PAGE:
of 2280 m (to the base of carbonate layers), interpretation
on the deeper horizons were only based on the continuity
of the seismic reectors, as observed on several seismic
attributes. Maps for each of the horizons were created and
overlaid with fault surfaces.
The internal geometries of the seismic reections within
Platforms EX and FY were also used to understand and
interpret the environment of deposition for each carbonate
unit. In this study, the geometries of seismic reections were
identied and interpreted for the purpose of understanding
the features seen on each interpreted sequence. Sequence
stratigraphy (i.e.: on-lap, top-lap and down-lap) was not
applied in this study. Three seismic geometries were
identied in Platforms EX and FY (Figure 3).
Horizons and Geo-Seismic Units
Eleven horizons (H1-H11) have been interpreted in this
study, with ve geo-seismic units, labelled as Geo-Seismic
Unit 1 to 5 (Figure 2). These units were interpreted based
on a combination of continuity of amplitude displayed on
seismic data, well data (to the extent of its last penetrated
depth) and gathering of information from the available
literatures. The horizons were interpreted within a geo-
seismic framework and tied to the biostratigraphic markers
that correspond to time intervals from recent to 15.97 Ma
(Early Middle Miocene). Biostratigraphic markers for the
deeper horizons were not available for Platform FY and EX.
Well F6 from nearby platform within the Central Luconia
Province, together with the other deeper wells from Balingan
Province and North Luconia Province were incorporated to
interpret the lithology of the deeper horizons.
Horizons were interpreted from the sea bottom, labelled
as Sea Bottom (SB), followed by Horizon 1 (H1) to Horizon
11 (H11) in the deepest part of the seismic section. Horizon
11 to Horizon 7 have the same seismic pattern, and are
grouped as Geo-Seismic Unit 1 (GSU 1). The top of Horizon
7 to Horizon 5 shows the same seismic characteristics and
are grouped as Geo-Seismic Unit 2 (GSU 2). Geo-Seismic
Unit 3 (GSU 3) consists of the carbonate units interpreted
from Horizon 5 to Horizon 3. Geo-Seismic Unit 4 (GSU
4) is grouped from the top of Horizon 3 to Horizon 2. The
nal interpreted Geo-Seismic Unit 5 (GSU 5) is bounded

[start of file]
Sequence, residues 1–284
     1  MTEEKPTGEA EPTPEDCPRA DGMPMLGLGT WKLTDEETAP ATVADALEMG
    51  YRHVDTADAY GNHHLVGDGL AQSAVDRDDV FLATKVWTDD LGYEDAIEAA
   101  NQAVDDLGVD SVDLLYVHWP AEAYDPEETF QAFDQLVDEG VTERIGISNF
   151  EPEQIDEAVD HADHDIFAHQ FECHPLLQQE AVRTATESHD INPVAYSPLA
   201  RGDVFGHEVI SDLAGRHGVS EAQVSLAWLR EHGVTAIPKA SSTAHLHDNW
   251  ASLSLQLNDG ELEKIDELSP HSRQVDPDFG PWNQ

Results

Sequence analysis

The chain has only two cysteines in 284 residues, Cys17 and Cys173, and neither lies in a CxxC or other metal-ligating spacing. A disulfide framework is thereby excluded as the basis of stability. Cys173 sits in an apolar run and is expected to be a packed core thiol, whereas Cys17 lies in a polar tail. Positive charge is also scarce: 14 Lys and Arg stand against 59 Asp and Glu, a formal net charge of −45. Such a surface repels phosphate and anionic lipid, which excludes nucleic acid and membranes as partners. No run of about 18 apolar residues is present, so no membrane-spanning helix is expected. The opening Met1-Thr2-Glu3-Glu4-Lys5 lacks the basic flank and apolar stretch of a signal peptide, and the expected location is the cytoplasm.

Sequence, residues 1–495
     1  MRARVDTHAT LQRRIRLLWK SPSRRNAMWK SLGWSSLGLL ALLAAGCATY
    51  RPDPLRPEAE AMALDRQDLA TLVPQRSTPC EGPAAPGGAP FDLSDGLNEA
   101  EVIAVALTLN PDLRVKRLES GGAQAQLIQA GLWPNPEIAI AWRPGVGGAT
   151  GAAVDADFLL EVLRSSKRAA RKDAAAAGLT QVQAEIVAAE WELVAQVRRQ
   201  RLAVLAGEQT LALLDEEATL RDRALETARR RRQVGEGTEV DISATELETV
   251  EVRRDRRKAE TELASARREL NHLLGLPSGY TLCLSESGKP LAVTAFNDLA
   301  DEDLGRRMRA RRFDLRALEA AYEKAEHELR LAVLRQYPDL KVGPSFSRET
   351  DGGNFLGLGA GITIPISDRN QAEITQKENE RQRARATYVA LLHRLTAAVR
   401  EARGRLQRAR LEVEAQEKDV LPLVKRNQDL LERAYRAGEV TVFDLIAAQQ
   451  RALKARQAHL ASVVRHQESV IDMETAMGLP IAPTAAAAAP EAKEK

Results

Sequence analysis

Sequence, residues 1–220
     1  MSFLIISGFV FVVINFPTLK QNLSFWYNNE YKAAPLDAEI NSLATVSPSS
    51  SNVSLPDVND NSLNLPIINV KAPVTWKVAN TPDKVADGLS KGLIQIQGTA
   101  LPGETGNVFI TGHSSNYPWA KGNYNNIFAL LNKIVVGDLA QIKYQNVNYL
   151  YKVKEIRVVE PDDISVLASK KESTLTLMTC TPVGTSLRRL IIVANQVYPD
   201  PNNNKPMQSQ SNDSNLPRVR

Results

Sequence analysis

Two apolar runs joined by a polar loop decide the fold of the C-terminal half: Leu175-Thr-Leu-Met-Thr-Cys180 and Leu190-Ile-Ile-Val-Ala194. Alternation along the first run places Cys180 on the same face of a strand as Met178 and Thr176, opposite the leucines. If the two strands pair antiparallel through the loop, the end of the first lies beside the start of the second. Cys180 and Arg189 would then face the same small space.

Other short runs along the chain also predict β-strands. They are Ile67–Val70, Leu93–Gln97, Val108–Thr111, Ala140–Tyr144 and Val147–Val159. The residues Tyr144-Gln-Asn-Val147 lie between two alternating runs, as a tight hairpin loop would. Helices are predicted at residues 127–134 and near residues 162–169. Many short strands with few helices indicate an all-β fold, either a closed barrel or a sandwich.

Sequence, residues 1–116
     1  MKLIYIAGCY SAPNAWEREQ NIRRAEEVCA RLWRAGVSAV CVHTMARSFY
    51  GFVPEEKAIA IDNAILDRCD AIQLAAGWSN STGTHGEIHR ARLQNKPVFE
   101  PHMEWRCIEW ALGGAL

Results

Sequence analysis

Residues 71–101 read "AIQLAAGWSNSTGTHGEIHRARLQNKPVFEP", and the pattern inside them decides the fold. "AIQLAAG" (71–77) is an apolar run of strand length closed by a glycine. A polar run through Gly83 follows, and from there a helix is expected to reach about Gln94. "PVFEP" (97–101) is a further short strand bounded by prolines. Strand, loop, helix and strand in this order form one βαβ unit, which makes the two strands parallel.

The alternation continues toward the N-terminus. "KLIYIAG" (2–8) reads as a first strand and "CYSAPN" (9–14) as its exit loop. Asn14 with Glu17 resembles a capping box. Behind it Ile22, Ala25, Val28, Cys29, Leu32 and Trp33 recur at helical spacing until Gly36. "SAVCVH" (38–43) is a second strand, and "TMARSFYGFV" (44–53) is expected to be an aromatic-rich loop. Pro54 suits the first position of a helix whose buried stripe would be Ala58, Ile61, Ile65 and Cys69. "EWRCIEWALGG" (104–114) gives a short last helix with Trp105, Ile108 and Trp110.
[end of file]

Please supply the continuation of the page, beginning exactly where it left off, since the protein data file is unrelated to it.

between Horizon 2 to the sea bottom (SB). The main internal
geometry within each geo-seismic units interpreted in this
study is shown in Figure 3.
Well Logs Interpretations
Gamma Ray Logs for Well EX-2, EX-3, FY-2 and FY-6
have been used in interpreting the lithology for Platform
EX and FY (Figure 4). Regrettably, Gamma Ray Logs are
Figure 1: (A) Location of Central Luconia
Province in the bigger South China Sea,
highlighting the carbonate Platform EX and
FY used in this research. (B) Top carbonate
map of Platform EX and FY with “No data
zone” labelled in between the two platforms.
“No data zone” represents the area without
seismic data (not provided for this research).
Relationship between syn-depositional faulting and caRbonate gRowth in centRal luconia pRovince, Malaysia
Bulletin of the Geological Society of Malaysia, Volume 60, December 2014
not available from top to bottom of the wells. Most of the
logs and cores are tight within a depth of 1700m to 3300m.
All available wells are exploration wells, thus they only
penetrate to either the top of carbonate or inter-carbonate
section within Geo-Seismic Unit 3 of our interpreted data.
None of these wells penetrate into the deeper Geo-Seismic
Units 2 and 1. The lithological interpretation of Platform
EX based on Well EX-2 and EX-3 was made methods by
Gartner et al. (2004) and Zampetti et al. (2004b). In Platform
EX, some limestone breccias have been observed especially
towards the edge of the platform (Figure 5). Three limestone
breccias intervals with a minimum thickness of 1m were
recognized at the top of core in Well EX-3 (Gartner et al.,
2004). Based on gamma ray logs plotted in Figure 4, gamma
ray values ranging from 50 to 80API are common within
limestone intervals, indicating the existence of shales within
the carbonate intervals (contaminated carbonate). Clean
limestones have gamma ray values of 10-30 API. Lithological